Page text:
There are more troubles for school bus company Laidlaw. Today, another driver is on the hot seat. Friday afternoon, some very angry parents say a bus driver put their kids in a dangerous situation, forcing them to stand on the school bus all the way home.
Driving a school bus full of little kids can be tough, but Leitner Helfrich of Savannah says what happened to her daughter Brianna aboard bus 319 on the ride from Pulaski Elementary to her home at Hunter Army Airfield crossed the line.
"She was crouched down in her seat to see the mirror above the bus driver, to see the kids behind her, and [the bus driver] told her, 'If you want to see so bad, get up, put your arms over your head and stay that way,'" Helfrich told us.
This happened while the bus was moving.
Helfrich does admit her daughter isn't perfect. "By no means is she a saint. She's a very rambunctious, talkative eight-year-old. Lots of energy."
But when Brianna got off the bus in tears, her mom confronted the bus driver. "He said, 'Oh don't worry, she's not the only one I made do it,'" Helfrich told us. "Like that makes it okay."
According to Helfrich, a 6-year-old boy and 9-year-old boy were also forced to stand on the bus. She says she called Laidlaw Friday.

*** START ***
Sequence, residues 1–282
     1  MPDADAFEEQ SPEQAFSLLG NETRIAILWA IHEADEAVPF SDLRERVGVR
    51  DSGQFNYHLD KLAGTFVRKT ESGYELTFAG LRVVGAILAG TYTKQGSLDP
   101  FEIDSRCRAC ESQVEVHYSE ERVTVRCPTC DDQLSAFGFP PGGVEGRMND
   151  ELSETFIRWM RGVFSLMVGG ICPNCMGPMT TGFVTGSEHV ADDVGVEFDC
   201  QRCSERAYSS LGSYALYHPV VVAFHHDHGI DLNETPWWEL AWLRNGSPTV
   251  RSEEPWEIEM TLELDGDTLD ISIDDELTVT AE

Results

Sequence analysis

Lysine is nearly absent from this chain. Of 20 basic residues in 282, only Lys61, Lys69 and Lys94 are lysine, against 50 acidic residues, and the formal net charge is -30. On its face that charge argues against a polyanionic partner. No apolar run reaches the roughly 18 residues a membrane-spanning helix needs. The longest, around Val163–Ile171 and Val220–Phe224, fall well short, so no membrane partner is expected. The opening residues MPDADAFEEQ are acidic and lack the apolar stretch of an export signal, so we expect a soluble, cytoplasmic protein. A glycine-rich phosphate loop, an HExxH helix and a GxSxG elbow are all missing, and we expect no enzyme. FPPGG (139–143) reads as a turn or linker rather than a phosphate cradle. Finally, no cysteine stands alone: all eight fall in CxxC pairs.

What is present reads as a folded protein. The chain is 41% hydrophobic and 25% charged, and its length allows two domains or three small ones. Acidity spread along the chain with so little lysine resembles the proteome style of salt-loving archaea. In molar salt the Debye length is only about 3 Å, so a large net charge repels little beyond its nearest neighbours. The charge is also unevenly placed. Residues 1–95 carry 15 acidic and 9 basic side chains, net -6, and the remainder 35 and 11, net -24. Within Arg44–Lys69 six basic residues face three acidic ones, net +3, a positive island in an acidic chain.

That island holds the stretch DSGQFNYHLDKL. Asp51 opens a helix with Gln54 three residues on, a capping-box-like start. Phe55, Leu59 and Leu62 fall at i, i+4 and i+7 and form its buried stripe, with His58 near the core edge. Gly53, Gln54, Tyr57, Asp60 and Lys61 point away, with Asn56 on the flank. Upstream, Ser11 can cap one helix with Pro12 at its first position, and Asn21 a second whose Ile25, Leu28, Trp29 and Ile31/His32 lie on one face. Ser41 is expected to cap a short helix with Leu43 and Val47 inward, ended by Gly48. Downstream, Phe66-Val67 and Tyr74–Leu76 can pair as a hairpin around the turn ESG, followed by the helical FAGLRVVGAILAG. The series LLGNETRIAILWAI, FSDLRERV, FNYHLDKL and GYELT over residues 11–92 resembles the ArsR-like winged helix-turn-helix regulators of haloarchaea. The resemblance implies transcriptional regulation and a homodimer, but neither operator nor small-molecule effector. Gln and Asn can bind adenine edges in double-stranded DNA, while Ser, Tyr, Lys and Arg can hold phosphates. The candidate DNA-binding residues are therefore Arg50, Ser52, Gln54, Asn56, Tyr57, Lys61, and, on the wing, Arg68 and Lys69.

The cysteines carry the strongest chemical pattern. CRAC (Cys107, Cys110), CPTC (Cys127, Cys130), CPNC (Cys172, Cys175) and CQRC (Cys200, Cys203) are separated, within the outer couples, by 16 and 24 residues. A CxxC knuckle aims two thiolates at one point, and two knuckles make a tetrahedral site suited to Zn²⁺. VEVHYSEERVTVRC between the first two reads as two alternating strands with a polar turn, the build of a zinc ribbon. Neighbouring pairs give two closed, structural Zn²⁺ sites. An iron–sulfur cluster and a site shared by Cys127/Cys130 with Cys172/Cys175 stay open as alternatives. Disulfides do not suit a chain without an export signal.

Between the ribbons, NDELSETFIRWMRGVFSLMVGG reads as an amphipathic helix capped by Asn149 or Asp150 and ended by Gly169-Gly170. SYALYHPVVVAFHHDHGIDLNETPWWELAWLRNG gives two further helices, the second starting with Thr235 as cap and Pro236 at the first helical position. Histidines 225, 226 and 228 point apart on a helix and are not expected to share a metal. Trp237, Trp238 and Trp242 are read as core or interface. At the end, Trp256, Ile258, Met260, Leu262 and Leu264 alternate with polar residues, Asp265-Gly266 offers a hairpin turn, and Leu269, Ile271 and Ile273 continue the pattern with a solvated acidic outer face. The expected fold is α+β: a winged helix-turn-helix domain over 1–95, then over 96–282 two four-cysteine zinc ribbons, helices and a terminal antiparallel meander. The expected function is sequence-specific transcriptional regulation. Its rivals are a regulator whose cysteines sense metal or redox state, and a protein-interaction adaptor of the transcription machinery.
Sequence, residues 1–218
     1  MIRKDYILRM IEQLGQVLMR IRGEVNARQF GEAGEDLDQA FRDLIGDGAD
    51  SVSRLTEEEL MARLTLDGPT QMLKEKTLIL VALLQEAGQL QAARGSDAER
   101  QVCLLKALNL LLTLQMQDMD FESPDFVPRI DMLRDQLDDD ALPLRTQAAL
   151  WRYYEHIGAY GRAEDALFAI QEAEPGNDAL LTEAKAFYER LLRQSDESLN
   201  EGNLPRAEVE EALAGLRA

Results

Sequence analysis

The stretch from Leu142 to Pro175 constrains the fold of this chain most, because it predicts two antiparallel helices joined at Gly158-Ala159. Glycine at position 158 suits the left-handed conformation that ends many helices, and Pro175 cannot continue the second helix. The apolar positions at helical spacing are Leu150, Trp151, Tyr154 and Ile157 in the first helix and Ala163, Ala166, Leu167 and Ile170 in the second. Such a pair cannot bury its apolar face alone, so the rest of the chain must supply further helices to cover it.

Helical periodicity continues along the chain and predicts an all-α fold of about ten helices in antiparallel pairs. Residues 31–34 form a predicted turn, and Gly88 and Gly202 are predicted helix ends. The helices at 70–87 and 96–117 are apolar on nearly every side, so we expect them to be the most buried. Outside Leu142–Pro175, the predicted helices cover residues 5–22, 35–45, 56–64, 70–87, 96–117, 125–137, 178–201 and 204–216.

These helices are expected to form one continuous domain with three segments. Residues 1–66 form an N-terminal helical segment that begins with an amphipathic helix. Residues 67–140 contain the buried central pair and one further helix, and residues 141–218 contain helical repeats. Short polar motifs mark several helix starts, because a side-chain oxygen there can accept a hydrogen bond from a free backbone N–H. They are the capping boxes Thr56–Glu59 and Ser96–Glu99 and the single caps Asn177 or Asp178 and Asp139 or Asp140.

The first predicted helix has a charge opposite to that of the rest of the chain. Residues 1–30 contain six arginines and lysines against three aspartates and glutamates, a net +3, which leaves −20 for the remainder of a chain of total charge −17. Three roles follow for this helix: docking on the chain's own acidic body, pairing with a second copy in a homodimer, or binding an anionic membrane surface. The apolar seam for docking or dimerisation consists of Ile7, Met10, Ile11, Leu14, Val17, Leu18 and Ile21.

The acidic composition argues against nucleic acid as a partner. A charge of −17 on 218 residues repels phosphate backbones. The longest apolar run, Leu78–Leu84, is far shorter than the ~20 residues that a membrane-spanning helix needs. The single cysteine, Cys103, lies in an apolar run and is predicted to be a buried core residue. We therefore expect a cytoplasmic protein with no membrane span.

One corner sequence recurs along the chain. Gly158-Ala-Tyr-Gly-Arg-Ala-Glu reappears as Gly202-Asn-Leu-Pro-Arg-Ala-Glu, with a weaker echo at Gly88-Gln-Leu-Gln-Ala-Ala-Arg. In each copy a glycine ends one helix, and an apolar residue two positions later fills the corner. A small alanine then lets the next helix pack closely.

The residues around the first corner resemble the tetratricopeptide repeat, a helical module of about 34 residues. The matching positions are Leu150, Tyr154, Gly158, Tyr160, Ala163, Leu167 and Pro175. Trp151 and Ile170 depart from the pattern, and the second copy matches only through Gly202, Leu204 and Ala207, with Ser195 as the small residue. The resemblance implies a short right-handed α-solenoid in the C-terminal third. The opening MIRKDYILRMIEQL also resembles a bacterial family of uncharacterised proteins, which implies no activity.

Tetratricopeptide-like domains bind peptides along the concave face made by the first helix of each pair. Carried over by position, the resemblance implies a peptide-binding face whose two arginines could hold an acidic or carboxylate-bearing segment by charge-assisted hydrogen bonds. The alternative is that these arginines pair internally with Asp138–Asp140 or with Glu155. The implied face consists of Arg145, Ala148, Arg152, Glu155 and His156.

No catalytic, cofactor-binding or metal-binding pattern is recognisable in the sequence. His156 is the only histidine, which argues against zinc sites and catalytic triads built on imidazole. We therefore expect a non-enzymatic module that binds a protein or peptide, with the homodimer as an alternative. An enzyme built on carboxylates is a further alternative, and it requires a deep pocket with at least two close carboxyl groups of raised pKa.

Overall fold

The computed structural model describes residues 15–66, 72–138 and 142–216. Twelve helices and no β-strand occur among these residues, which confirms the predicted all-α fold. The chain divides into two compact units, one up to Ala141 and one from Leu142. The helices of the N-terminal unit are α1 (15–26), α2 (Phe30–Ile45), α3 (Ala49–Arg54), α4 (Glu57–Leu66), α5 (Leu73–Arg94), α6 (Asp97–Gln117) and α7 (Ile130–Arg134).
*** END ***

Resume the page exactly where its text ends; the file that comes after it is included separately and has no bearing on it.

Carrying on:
They say they took care of the problem immediately. "We had a driver, who is also a mechanic, he could not maintain control of the students," Laidlaw's Rufus Smith told us.
Smith says the driver should have pulled over to a safe place to calm the students down, not have them stand on a moving bus. "That's not how we do business here. We immediately removed the driver and suspended him from his duties and is now under investigation."
"I'm talking about he needs to be let go of his job," said Helfrich.
She says this isn't the first bus problem. "It's a continuous cycle. You name it we've had it."
But she hopes it's the last. "Laidlaw should have their contract pulled."
Helfrich, long with the other parents, will be meeting with a lawyer tomorrow.
Laidlaw says the company will not tolerate misconduct and the driver in question will most likely be fired.
Savannah-Chatham Board of Education acting superintendent George Bowen is aware of the incident, and school officials say it's an example of the ongoing problems they want Laidlaw to address. The company has until June to fix the problems or it could lose its contract.